US 5327122 A
The apparatus embodies an inquiry unit with a radio frequency emitter and an answering unit (transponder) with a frequency divider for the frequency of the emitter of the inquiry unit. The divided frequency is modulated with the data inside the transponder as a carrier frequency in a phase modulator for the transmission of the answer and the so modulated signal is delivered to a demodulator of the inquiry unit. In the demodulator, the original data sequence is recovered from the received phase modulated signal with the help of an unmodulated reference signal derived from the frequency transmitted by the inquiry unit itself, using an algorithm implemented by means of a digital signal processor, independently of the phase relationship between the phase modulated signal and the internal reference and with negligible delay.
1. A system for transmitting phase modulated at a comprising:
an inquiry unit in the form of an emitter-receiver and
a transponder arranged as a receiver-emitter such that a transmission of data takes place in at least one direction between said inquiry unit and said transponder, said transponder including a phase modulated emitter controlled by initial data, said phase modulated emitter acting on a signal derived from a carrier emitter by said inquiry unit,
and a phase demodulator wherein said phase demodulator comprises inputs for receiving a phase modulated signal transmitted by said transponder to said emitter-receiver and for receiving an unmodulated reference signal derived from said carrier and processor means for recovering a sequence of said initial data from said phase modulated signal and from said unmodulated reference signal independently of a carrier phase shift μ between said reference signal and the carrier component of said phase modulated signal, wherein,
said phase demodulator comprises a first stage yielding the raw real and imaginary components of the phase modulation of said phase modulated signal and means for the correction of said carrier phase shift μ of said phase modulation, and
said processor means recovers said data by determining axis rotation according to the equations:
X=xcos μ+ysin μ, or
Y=ycos μ-xsin μ,
wherein x is the raw real component, y is the raw imaginary component, Y is the imaginary component, and X is the real component of said phase modulation.
2. A system according to claim 1, characterized in that sine and cosine of said carrier phase shift μ is determined continuously from the raw real (x) and imaginary (y) phase modulation components by use of low pass filters.
3. The system of claim 1 or 2, wherein the phase modulated signal frequency of the inquiry unit is evaluated independently of its position of phase in the demodulator, without feedback and with a negligible delay in comparison with the total time necessary for data transfer.
4. The system of claim 1, wherein a pair of signals constituting said unmodulated reference signal and the phase modulated signal are each delivered to the inputs of a first and second multiplier, and wherein the output of each of said first and second multipliers is connected with the inputs of first and second low pass filters where said first and second low pass filters have different cut off frequencies, and output signals of each of the low pass filters with the lower cut off frequency are mixed with output signals of the low pass filter with the higher cut off frequency by one of a third or fourth multiplier, wherein outputs of said third and fourth multipliers are added or subtracted in order to recover the demodulated data.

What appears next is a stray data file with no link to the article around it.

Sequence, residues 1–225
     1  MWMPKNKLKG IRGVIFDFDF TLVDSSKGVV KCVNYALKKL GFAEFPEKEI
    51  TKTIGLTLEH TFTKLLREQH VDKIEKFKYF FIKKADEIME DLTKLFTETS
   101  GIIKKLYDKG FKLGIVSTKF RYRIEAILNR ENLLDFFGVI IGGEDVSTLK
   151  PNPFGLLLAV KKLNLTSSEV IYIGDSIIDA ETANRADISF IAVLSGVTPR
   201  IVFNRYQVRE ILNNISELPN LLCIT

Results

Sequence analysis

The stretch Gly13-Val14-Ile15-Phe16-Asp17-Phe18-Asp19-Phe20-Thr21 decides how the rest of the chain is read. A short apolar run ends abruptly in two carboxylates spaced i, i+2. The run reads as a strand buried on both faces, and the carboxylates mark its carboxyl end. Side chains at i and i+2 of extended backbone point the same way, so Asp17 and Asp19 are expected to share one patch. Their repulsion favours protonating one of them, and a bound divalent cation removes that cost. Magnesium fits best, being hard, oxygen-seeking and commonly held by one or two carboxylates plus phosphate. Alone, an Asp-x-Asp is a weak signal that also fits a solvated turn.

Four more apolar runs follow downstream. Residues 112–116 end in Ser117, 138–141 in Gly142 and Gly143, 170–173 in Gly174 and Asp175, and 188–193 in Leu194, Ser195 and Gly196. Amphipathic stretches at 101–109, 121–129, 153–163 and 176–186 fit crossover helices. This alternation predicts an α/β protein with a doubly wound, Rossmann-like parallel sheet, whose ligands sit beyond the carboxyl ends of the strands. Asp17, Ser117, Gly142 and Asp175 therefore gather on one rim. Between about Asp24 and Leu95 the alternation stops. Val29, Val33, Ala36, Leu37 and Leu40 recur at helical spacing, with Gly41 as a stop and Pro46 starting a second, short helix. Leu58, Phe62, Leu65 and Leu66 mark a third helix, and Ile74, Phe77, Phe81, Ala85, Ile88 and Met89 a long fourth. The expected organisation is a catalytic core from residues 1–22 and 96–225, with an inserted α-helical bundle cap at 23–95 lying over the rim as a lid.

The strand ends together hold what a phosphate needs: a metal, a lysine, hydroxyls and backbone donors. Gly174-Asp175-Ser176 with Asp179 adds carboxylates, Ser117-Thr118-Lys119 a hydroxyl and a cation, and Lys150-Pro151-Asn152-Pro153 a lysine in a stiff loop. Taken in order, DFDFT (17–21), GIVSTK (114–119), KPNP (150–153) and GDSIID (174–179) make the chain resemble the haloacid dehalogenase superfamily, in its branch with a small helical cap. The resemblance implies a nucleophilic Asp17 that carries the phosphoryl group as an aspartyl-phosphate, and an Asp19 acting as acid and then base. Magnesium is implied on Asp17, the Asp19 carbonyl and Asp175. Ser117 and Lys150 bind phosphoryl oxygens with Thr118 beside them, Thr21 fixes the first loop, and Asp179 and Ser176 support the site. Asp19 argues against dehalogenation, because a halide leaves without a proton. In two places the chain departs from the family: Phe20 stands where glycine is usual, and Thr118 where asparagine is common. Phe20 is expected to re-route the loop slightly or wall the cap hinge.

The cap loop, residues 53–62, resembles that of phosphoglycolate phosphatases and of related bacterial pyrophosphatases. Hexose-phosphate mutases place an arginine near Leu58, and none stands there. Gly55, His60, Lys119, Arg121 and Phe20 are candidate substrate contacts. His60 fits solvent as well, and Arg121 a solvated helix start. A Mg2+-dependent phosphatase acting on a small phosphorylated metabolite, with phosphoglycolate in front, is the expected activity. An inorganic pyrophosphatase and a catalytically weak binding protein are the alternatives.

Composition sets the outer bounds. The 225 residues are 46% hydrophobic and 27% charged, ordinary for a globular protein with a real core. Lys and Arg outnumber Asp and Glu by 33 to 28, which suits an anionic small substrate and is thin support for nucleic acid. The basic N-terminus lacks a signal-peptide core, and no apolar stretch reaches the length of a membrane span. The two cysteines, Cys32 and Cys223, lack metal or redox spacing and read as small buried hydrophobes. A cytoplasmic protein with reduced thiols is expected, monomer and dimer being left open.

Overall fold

5. The system of claim 4, wherein the first and second multipliers comprise processor means which scan the phase modulated signal with an input scan rate and performs a multiplication asynchronous with an evaluation scan rate by using tables containing sine and cosine values, and wherein the ratio between said input scan rate and said evaluation scan rate is a number greater than one.
6. The system of claim 1, wherein sampling and evaluation of individual bits of data is achieved by discrete correlation integrals between the demodulated signal and a model signal representing an ideal "1" or "0".
7. The apparatus of claim 1, wherein said processor means recovers said data by calculating only one of said phase modulations, X or Y.
8. The apparatus of claim 1 wherein said phase demodulator further comprises means for multiplying said real and imaginary components of said phase modulated signal by signals corresponding to said unmodulated reference signal, and low pass filter means for filtering signals output from said means for multiplying, whereby a signal representing said carrier phase shift μ may be obtained.
9. The apparatus of claim 8, wherein the phase modulated signal frequency of the inquiry unit is evaluated independently of its position of phase in the demodulator, without feedback and with a negligible delay in comparison with the total time necessary for data transfer.
This is a continuation-in-part of applicant's copending U.S. Pat. application, Ser. No. 07/572,546, filed Aug. 27, 1990, now abandoned.